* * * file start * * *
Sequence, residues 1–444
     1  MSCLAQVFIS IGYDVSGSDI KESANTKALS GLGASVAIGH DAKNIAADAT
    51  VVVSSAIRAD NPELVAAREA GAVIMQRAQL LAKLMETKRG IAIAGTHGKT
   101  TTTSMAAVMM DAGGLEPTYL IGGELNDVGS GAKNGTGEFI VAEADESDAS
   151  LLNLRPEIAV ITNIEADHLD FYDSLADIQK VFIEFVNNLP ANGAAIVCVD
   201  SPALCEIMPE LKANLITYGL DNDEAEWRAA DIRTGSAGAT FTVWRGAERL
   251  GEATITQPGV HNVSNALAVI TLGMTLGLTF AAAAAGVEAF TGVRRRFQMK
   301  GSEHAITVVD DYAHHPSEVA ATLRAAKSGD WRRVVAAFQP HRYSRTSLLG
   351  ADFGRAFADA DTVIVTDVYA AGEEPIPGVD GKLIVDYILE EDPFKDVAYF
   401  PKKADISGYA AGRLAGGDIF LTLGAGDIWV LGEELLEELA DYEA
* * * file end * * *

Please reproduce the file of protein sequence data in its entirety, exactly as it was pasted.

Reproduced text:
Sequence, residues 1–444
     1  MSCLAQVFIS IGYDVSGSDI KESANTKALS GLGASVAIGH DAKNIAADAT
    51  VVVSSAIRAD NPELVAAREA GAVIMQRAQL LAKLMETKRG IAIAGTHGKT
   101  TTTSMAAVMM DAGGLEPTYL IGGELNDVGS GAKNGTGEFI VAEADESDAS
   151  LLNLRPEIAV ITNIEADHLD FYDSLADIQK VFIEFVNNLP ANGAAIVCVD
   201  SPALCEIMPE LKANLITYGL DNDEAEWRAA DIRTGSAGAT FTVWRGAERL
   251  GEATITQPGV HNVSNALAVI TLGMTLGLTF AAAAAGVEAF TGVRRRFQMK
   301  GSEHAITVVD DYAHHPSEVA ATLRAAKSGD WRRVVAAFQP HRYSRTSLLG
   351  ADFGRAFADA DTVIVTDVYA AGEEPIPGVD GKLIVDYILE EDPFKDVAYF
   401  PKKADISGYA AGRLAGGDIF LTLGAGDIWV LGEELLEELA DYEA